The suspected fraudsters send congratulatory messages to peoples' phones informing them of an amount of money they have won.
PIC: Three of the five suspected fraudsters that have been arrested. (Photo credit: Kampala Metropolitan Police)
You might have once fallen victim. First, they send a congratulatory text message to your mobile phone, telling you of an amount of money you have won.
You are then swiftly asked to call a certain phone number to get your monetary prize. Once you go ahead and call, the person on the other end of the line will ask you to confirm the pin number that was sent with the original text message.
That receiver purports to be working with a telecom company.
That persons calls you to confirm the pin number and then scratch a credit card for them to kickstart processing of your 'prize'.
By the way, to make it even more believable, the person you are talking to promises to refund your credit when the processing is done.
But here is the catch: After defrauding you, the unsuspecting victim, they switch off the phones and there is no prize to pick up.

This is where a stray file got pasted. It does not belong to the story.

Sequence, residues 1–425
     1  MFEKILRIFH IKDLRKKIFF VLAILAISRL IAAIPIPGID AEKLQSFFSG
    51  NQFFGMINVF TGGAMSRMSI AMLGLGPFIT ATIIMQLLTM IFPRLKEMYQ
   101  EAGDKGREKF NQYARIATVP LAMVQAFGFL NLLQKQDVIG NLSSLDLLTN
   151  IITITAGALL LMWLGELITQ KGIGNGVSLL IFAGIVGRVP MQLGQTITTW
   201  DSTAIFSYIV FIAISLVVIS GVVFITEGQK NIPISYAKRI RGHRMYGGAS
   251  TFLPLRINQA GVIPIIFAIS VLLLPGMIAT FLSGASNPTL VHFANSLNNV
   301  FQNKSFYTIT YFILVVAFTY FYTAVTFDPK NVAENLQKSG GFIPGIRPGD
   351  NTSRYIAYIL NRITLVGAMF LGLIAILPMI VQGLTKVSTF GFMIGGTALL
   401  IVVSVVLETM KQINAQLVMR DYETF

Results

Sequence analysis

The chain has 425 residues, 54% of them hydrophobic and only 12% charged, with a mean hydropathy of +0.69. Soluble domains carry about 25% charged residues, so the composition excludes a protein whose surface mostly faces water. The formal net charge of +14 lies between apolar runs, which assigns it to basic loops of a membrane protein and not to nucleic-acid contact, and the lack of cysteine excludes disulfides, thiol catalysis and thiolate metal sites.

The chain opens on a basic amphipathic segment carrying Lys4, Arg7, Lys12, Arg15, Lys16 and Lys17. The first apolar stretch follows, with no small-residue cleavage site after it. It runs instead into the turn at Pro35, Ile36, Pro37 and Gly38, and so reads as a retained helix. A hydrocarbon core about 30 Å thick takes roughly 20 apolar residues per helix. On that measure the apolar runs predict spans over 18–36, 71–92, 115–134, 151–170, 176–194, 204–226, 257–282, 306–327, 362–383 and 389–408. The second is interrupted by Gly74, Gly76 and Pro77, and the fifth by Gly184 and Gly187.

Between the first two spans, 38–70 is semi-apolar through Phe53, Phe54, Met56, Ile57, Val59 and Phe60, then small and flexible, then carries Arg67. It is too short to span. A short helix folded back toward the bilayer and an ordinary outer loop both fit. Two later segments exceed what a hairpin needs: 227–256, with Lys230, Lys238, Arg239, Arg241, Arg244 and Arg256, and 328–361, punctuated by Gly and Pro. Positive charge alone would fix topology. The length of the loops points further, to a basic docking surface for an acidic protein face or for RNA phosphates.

This, according to Kampala Police, is how these text message fraudsters do their dirty work. They have arrested five men suspected to be engaged in exactly that kind of work.
Police named the suspects as Geofrey Mutyaba, 21, Frank Mubiru, 25, Joseph Bukenya, 20, Peter Ntambi, 32 and Tom Kayizi, aged 31.
The five suspects arrested over phone fraud. (Photo credit: Kampala Metropolitan Police)
'Like a spider's web'
So how did local Police come to get these men?
To begin with, telecom service providers reported to Police several complaints received from many of their subscribers about a group of suspected fraudsters sending them text messages of winning cash prices or misplaced mobile money transactions.
"Police [then] investigated the matter, identified the suspects and tracked their movements.
"The arrested syndicate can be best described as being similar to a spider's web through their call connections," Police said in a statement posted on their official Facebook page.
"Forged documents, devices and tools, as well as phones and cards suspected to be used in the fraud, have also been seized," Police added.
Here is an extract from the Police statement explaining how the fraudsters operate . . .
Mode of operation
The suspected fraudsters send congratulatory messages to peoples' phones informing them of an amount of money they have won and the recipient of the text message is immediately requested to call a certain phone number to redeem his or her prize, stating that the text message is often accompanied with a fake pin number, which are all attempts to obtain the recipient's cooperation.